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What is a Cooperative Safety Plan (CSP) and are motor carriers required to develop one?

A cooperative safety plan (CSP) is a voluntary structured plan that motor carriers file with the Federal Motor Carrier Safety Administration (FMCSA). The purpose of the plan is for the motor carrier to address any underlying issues that have or could potentially lead to safety issues and improve its performance.

Motor carriers may turn in the CSP on its own or use it in conjunction with a Notice of Violation (NOV). However, the CSP cannot replace another form known as Notice of Claim (NOC). Although completing CSP is voluntary, the FMCSA can also request that a motor carrier prepare and submit this form. Regardless of whether a motor carrier submitted the CSP voluntarily or by request, the FMCSA must formally approve it before the carrier can begin following it.

Examples of what to include in a Cooperative Safety Plan (CSP)

When completing a CSP, it’s a good idea to start with a basic overview of how the motor carrier trains drivers and follows up with them to ensure ongoing safe driving habits. The plan should cover such things as:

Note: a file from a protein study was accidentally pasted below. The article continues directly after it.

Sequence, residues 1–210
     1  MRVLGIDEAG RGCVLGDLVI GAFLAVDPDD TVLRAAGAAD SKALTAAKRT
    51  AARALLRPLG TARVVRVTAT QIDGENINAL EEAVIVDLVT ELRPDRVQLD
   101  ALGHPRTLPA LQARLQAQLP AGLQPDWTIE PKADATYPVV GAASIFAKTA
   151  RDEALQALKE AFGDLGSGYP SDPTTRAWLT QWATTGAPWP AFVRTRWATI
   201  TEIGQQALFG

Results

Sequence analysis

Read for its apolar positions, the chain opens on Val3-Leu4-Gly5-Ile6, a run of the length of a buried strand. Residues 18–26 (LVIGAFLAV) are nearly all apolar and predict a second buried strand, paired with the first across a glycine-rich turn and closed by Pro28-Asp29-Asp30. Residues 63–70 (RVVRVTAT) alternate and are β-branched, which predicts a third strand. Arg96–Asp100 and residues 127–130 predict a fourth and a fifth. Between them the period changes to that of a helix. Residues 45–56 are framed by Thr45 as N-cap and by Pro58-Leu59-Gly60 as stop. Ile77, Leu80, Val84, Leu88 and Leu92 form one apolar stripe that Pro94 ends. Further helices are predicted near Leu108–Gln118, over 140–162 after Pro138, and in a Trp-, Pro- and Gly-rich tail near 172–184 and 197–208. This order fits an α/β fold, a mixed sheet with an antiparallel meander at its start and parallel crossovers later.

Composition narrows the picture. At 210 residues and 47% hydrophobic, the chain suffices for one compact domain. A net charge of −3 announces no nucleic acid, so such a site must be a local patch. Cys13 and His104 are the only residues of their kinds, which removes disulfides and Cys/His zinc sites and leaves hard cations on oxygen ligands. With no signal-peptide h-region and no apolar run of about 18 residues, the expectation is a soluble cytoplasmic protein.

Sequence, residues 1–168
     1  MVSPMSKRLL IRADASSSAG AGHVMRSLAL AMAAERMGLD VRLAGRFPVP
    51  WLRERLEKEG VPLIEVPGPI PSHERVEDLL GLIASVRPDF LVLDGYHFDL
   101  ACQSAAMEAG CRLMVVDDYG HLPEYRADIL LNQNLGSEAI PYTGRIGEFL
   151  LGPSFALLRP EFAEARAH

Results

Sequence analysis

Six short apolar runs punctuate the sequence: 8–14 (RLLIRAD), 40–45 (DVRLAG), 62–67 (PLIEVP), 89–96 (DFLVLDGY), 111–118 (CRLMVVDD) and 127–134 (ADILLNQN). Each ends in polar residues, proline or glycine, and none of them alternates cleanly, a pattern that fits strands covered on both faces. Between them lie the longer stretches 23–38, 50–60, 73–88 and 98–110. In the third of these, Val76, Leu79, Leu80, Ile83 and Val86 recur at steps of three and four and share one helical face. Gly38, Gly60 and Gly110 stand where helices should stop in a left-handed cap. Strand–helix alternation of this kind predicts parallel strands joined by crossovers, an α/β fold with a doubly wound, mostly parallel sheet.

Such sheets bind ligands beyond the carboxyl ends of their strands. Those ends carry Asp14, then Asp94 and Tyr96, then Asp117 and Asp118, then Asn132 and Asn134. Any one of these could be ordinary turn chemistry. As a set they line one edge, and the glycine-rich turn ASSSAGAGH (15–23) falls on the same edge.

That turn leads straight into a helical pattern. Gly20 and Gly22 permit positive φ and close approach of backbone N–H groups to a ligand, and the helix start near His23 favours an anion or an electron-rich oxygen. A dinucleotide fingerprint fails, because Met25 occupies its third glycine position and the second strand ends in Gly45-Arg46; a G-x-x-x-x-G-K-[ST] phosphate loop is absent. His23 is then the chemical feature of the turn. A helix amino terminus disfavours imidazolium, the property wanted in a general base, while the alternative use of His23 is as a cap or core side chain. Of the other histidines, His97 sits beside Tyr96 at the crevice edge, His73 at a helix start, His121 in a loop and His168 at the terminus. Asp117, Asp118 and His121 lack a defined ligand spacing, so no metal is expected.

This is only a small sampling of general safety issues. A motor carrier can include as many as it wishes.

Address driver drug and alcohol use

Another common thing to include in a cooperative safety plan is an outline that discusses the dangers of drug and alcohol use by drivers, even when they are not actively on duty. It should discuss specific dangers caused by mixing drug or alcohol use with driving, such as delayed reaction time and poor decision-making skills. The plan should then go on to detail the consequences for any driver who tests positive for drug or alcohol use on the job. While most motor carriers use a step-by-step process with progressively serious consequences, the FMCSA may require immediate termination for especially egregious offenses.

How to drive in hazardous weather

Interstate truck drivers see all kinds of weather. For this reason, they need to learn special driving techniques to avoid skidding on icy roads, driving in a downpour, keeping themselves healthy in blistering heat, driving in high winds, and much more. A commercial truck driver’s training should also include how to accurately judge weather situations and understand when it’s just too dangerous to continue driving. Knowing where to find safe locations to pull off the road is also essential.

Pre-trip and post-trip inspections

If a motor carrier comes to the attention of the FMCSA for accidents caused by lack of inspection of its own vehicles, including this information sends the message that the carrier takes it seriously. The plan should detail specific actions the motor carrier requires drivers to take such as inspecting the tires, brakes, and fluid levels before and after a trip.

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